Transparency fading with sealed court records
It used to be that when a reporter obtained court documents, they could pretty much guarantee they’d find a decent amount of information on a particular case, however, times seem to be changing.
Record transparency seems to be slowly fading away and some in the newspaper business have taken notice.
“The National Newspaper Association joined the Reporters Committee for Freedom of the Press, National Public Radio and other media organizations to urge the U.S. Supreme Court to put tighter limits on sealed court records,” an article in the Publisher’s Auxiliary newspaper said.
The organizations pointed out a dramatic increase in the Court approving requests to seal documents. According to the article, the average sealings rose from 22 in 2011, to 46 in 2018. While this may not seem like a huge issue, when it comes to transparency, it certainly is.
According to the article, sealed records were rare in the 20th Century, and increased in the first part of the 21st Century, averaging about 10 per year.
“The (organizations) acknowledge that compelling, countervailing interests — supported by on-the-record findings — sometimes necessitate sealing,” the article states. “But a review of recent sealing motions filed with the Court suggests that the increase in sealing is not tied to any concomitant increase in cases in which sealing may be warranted. Rather, motions to seal filed by practitioners often provide no justification for the requested secrecy other than that portions of the case file were sealed below.”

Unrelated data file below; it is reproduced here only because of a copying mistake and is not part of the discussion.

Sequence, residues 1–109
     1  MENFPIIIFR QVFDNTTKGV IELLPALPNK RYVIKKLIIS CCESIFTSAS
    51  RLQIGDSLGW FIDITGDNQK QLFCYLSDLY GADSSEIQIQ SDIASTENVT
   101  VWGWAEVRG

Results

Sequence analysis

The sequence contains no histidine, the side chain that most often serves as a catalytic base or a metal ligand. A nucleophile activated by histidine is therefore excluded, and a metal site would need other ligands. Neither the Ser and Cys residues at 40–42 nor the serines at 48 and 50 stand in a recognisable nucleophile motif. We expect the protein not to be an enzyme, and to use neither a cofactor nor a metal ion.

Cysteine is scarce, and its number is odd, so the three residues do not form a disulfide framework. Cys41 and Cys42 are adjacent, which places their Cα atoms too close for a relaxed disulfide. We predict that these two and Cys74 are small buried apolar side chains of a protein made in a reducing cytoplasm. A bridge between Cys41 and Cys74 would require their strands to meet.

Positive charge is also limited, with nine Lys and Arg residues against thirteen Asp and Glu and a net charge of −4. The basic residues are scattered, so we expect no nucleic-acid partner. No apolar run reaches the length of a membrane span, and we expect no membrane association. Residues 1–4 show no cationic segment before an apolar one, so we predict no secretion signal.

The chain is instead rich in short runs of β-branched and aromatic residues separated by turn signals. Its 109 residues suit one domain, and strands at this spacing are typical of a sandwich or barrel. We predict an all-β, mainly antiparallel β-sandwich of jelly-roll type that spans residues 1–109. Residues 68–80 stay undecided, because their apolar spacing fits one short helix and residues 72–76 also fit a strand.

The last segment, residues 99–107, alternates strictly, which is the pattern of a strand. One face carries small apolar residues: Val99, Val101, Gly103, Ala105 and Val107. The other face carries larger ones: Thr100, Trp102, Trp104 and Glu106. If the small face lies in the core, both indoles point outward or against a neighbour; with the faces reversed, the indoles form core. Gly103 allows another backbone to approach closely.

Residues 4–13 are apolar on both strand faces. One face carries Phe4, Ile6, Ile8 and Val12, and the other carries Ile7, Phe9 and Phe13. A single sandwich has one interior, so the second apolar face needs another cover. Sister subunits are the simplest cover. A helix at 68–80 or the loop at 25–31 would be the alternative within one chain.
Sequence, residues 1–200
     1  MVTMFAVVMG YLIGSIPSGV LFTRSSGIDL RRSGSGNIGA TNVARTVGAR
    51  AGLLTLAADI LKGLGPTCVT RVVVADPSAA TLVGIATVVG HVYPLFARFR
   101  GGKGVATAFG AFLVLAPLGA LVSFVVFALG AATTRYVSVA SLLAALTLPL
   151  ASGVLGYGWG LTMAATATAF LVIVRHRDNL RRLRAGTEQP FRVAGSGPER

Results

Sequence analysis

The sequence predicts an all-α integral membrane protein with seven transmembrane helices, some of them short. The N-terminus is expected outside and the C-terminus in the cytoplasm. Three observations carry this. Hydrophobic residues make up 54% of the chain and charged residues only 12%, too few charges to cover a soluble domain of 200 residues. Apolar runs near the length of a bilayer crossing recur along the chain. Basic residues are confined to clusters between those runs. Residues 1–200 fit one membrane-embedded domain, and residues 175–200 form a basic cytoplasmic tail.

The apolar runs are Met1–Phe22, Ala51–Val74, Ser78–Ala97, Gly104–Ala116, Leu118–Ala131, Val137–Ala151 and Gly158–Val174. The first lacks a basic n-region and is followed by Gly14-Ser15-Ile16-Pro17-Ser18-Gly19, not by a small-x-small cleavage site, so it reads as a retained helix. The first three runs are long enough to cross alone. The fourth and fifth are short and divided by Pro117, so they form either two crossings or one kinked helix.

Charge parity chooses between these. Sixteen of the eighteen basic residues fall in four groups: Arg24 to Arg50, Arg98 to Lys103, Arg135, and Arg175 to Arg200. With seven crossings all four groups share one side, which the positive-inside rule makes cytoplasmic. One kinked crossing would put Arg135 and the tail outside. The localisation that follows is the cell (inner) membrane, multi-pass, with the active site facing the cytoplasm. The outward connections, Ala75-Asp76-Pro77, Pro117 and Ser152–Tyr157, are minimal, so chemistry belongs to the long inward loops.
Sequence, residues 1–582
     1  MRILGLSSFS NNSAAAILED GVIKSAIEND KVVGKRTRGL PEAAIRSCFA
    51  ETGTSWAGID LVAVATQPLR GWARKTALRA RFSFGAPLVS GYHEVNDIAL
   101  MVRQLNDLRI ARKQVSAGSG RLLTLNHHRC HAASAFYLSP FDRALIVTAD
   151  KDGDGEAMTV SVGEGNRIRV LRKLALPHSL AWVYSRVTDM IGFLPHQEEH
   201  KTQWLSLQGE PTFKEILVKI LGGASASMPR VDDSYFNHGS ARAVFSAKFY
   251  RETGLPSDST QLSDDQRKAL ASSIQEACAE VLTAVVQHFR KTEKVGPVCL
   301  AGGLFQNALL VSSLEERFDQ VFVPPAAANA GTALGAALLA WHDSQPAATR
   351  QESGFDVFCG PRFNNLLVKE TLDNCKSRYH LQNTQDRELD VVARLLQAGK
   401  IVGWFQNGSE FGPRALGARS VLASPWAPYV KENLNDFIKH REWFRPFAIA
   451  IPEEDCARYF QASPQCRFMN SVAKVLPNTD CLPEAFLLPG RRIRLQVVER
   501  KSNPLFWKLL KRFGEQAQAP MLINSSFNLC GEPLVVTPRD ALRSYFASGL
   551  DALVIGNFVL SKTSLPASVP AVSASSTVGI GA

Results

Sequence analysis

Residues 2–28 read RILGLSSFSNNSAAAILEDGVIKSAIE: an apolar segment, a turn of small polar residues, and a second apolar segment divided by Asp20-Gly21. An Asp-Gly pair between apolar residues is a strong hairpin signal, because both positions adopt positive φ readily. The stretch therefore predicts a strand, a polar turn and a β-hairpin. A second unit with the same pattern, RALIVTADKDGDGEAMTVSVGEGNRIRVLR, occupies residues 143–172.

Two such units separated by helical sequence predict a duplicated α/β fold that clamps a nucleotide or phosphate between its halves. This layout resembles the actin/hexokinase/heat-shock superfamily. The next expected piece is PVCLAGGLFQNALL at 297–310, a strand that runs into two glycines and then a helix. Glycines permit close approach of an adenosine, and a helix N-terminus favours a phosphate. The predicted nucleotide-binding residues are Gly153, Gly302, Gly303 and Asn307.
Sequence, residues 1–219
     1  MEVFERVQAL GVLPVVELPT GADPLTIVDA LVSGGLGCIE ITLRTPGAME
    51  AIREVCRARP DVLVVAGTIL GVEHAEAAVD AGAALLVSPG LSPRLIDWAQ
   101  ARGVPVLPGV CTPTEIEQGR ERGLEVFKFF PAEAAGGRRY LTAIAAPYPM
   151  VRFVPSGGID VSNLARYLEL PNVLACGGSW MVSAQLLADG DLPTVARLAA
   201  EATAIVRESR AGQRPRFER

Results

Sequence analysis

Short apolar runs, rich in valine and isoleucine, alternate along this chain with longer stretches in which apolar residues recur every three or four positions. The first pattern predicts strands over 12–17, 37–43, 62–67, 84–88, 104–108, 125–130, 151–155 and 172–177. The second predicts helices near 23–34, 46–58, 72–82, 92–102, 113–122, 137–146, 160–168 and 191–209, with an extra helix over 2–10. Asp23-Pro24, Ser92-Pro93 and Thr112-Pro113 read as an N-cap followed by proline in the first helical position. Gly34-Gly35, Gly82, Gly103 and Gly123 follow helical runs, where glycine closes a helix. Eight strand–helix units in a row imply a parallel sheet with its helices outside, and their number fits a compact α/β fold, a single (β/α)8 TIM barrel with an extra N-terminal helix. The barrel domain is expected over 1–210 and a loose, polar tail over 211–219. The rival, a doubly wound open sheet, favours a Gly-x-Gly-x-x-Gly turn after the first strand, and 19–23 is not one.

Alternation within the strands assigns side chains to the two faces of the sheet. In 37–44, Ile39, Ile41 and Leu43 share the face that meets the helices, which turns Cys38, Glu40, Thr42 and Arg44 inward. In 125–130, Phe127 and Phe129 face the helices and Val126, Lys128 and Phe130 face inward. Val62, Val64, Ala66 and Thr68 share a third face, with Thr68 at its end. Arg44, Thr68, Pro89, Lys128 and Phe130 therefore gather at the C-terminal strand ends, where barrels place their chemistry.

So in other words, just because a file gets sealed, it doesn’t necessarily mean there’s a valid reason for it. It is effective in limiting the information the public (and media) can get on the case, however.
Some records in capital cases have been sealed, which had led to NPR (National Public Radio) and the Reporters Committee’s intervention in individual cases, in the past, to urge the opening of those records.
“There is a strong, laudable tradition of public access to the Court’s proceedings and the records,” the groups said in letter. “You have appropriately referred to the judicial branch as ‘the most transparent branch in government.’ Your predecessor, Chief Justice William Rehnquist, wrote that ‘all of the business of the Supreme Court of the United States comes in the front door and leaves by the same door.’”
They said that adopting a Supreme Court rule addressing the sealing of files, would be consistent with, and demonstrate to the public, the Court’s ongoing commitment to those long-held ideals.
In addition, the letter proposed a new court rule that would require petitioners to provide and identify a compelling reason to be furthered by sealing the files, demonstrate that the request is narrow and state the time period for the sealing, to name just a few things.
“RCFP and NPR has previously requested a new rule, but the Court said that a general federal policy discouraging document sealing by federal courts was expected to deter a rise in such requests,” according to the article.
However, the organizations assert that has not been the case.
“We urge the court to accept the media organizations’ recommendation to crack down on an epidemic of secret court filings,” National Newspaper Association President Matthew Adelman said in the article. “The traditions of the First Amendment require greater discipline in this area.”